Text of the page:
The plotting in this book is perfect. There are no unnecessary scenes and the pace is relentlessly intriguing throughout. The main battle of wits is between the neighbour, a maths genius, and a friend of the police officer who happens to be a physics genius. I admit that this scenario is unlikely to occur, but I didn’t care because it led to one of the cleverest series of twists I’ve come across.

The characters were all well formed, with interesting flaws. I didn’t develop an emotional attachment to any of them, but this ended up being a positive as I found myself rooting for both sides equally. This is quite unusual in a police procedural as I normally find myself less interested in one of the plot threads.

The Devotion of Suspect X is a perfect thriller. It isn’t particularly deep or meaningful, but it is endlessly entertaining. I can see why it sold 2 million copies in Japan and I hope that word-of-mouth spreads it around the world.

Highly recommended.


2010 Books in Translation

The Housekeeper and The Professor – Yoko Ogawa

The Housekeeper and the Professor Translated from the Japanese by Stephen Snyder

Five words from the blurb: maths, memory, affection, riddles, past

People have raved about The Housekeeper and The Professor ever since its release last year, but although I enjoyed reading it I wasn’t bowled over in the way most other readers have been.

The book centres on a maths professor with a short-term memory only eighty minutes long. He vividly remembers events from his past, but all new information is quickly forgotten. This means that the professor never recognises his housekeeper and she must reintroduce herself each morning. Despite this fact she becomes enchanted by him. He shows her the beauty of numbers and forms a strong bond with her son.

This is a beautiful little book, but I think its main charm is the way that it introduces a love for mathematics.

I ran my fingers over the lines of the formula, a long chain of numbers and symbols that flowed from one page to the next. As I followed the chain, link by link, the room faded and I found myself in a dark, silent place of numbers. But I felt no fear, certain in the knowledge that the Professor would guide me toward eternal, unchangeable truths.

The professor introduces prime numbers, perfect numbers, amicable numbers and many other basic mathematical concepts. The problem was that I was already aware of most of them and so they didn’t produce the magical sense of wonder that they have clearly induced in others.

The writing was simple and engaging, but it wasn’t as emotional as I was expecting. The overall feeling was one of tenderness and I think this is the type of book that you should read if you are in the mood something gentle and heartwarming.

If you can’t imagine enjoying a novel containing mathematics then I urge you to give this book a try, but if you already have a love of numbers it may be a bit too basic.


The thoughts of other bloggers:

Characters, themes and a gently developing plot are perfectly blended. Fleur Fisher in her World

I would never have believed that mathematics could be so seamlessly woven into fiction that I hardly questioned its presence there. Erin Reads

The Housekeeper and the Professor is a very quiet, very subtle book. At the same time, it’s a page-turner, a book you just don’t want to put down. How often do you come across books like this? su [shu]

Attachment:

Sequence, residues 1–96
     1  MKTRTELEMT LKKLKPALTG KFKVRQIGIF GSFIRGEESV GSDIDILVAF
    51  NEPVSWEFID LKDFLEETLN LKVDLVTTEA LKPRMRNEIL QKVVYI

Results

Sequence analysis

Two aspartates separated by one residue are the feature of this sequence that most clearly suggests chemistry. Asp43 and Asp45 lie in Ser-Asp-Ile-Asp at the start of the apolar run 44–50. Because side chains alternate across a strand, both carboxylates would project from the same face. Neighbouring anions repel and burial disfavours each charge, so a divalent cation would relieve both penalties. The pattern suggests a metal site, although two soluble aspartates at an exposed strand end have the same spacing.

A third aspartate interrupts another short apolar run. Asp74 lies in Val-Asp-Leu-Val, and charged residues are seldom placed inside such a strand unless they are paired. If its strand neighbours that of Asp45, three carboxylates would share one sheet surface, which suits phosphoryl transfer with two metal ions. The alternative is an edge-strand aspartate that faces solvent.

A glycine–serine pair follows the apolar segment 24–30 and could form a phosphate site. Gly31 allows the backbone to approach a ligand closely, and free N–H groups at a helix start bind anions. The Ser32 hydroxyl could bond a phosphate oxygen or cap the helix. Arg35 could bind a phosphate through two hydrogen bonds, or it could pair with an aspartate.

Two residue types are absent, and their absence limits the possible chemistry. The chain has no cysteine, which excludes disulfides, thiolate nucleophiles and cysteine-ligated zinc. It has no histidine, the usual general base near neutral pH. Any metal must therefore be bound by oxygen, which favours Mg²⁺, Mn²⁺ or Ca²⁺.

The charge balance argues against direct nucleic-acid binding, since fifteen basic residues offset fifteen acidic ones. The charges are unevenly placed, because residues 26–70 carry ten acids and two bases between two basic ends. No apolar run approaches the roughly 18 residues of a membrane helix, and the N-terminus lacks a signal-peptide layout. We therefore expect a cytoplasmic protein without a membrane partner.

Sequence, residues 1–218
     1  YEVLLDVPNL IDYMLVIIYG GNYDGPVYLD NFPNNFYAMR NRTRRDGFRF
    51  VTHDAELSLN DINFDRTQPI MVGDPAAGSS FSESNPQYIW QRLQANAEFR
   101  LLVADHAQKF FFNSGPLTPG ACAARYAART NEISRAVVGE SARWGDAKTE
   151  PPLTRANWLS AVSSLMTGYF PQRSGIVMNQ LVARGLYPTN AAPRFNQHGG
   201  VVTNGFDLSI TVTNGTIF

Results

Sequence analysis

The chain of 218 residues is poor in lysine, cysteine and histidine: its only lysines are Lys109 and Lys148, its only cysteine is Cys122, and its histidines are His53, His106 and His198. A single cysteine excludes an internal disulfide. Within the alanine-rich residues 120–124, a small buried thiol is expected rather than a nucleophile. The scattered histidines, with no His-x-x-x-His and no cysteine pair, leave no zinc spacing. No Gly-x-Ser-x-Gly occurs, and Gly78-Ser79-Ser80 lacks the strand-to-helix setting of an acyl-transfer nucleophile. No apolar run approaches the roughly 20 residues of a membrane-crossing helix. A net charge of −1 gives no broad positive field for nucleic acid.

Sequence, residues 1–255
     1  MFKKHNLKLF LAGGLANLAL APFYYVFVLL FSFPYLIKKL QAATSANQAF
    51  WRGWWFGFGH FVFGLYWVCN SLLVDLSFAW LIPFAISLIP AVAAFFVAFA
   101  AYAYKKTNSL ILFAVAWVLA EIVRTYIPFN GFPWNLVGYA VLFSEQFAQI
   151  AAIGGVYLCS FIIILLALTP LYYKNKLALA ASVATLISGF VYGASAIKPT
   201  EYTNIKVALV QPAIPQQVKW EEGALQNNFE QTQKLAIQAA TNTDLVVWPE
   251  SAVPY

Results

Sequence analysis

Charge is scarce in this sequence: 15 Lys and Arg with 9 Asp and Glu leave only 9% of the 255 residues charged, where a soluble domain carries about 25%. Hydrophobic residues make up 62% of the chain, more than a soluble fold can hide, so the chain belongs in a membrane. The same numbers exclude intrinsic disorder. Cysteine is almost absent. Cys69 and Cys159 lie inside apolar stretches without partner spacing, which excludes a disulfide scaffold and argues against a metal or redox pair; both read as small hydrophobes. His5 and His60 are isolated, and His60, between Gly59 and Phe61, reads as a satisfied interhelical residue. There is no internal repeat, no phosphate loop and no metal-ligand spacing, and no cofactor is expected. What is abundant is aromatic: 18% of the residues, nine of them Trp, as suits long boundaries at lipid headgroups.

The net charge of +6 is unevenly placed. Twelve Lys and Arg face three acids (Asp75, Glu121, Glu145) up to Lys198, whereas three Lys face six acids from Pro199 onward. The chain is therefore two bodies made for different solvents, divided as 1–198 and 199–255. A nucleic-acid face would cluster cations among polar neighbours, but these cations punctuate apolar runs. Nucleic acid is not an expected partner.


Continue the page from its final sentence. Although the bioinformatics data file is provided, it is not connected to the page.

2009 Science Fiction

Paprika – Yasutaka Tsutsui

 Translated from the Japanese by Andrew Driver

I bought this book because I saw the following phrase on the cover:

A Japanese master to be ranked alongside Haruki Murakami

I hadn’t heard of the author, but I’m afraid I have no self control when I see the word Murakami – I just have to see if it is anywhere near as good as books like Kafka on the Shore or The Wind-up Bird Chronicle. I’m really pleased with my impulse buy – Paprika is as weird as anything Murakami has written!

Paprika is a science fiction novel, originally published in Japan in 1993. The book focuses on a group of scientists who have invented a machine which allows them to enter the dreams of others. The team use their invention to treat mentally ill patients, particularly those with schizophrenia. Everything goes wrong when one of the devices goes missing and is used as a weapon to turn people insane.

This book is very strange! Much of it is set within peoples’ dreams where anything can happen:

Atsuko was trying hard to vanquish the demons of sleep. “It’s just like a dream. A dream. No. This is a dream.”
Yes, I’m sure it is. ” The reporter suddenly sprouted a cow’s head, which flopped down low in front of her. The weight brought her to her senses with a sharp intake of breath, but the cow’s slobber still hung from her mouth. “Do excuse me. I’ve only eaten one helping of rice porridge this morning.” And she slurped the slobber back into her mouth.

Unfortunately most of the people have violent or sexual dreams and so scenes like the one above are quite rare. The tone is kept light so I didn’t find the book disturbing, but I know this sort of thing isn’t for everyone!

The plot was gripping throughout, but it wasn’t as thought provoking as I’d have liked. The book seemed to focus on the battles between good and evil instead of how much our dreams tell us about ourselves and to what extent we can be manipulated through unconscious thought.

I loved the way Japanese mythology was prevalent throughout this book and the fact that  you could never predict what was going to happen next.

Recommended to anyone who enjoys reading bizarre Japanese fiction.

Have you read any of Yasutaka Tsutsui’s other books?


The Japanese Literature Challenge IV

I love Japanese Literature and so enjoy browsing the reviews on the Japanese Literature Challenge site.

Bellezza has done a fantastic job promoting Japanese fiction and now that my Booker reading is coming to an end I’ll be spending more time reading books in translation.

I don’t think I’ll be able to read that many Japanese books before the challenge ends on January 30th, 2011, but I hope to complete these three:


Paprika by Yasutaka Tsutsui

Strangers by Taichi Yamada

After Dark by Haruki Murakami

Have you read any of these books?

Which other Japanese books do you recommend I read?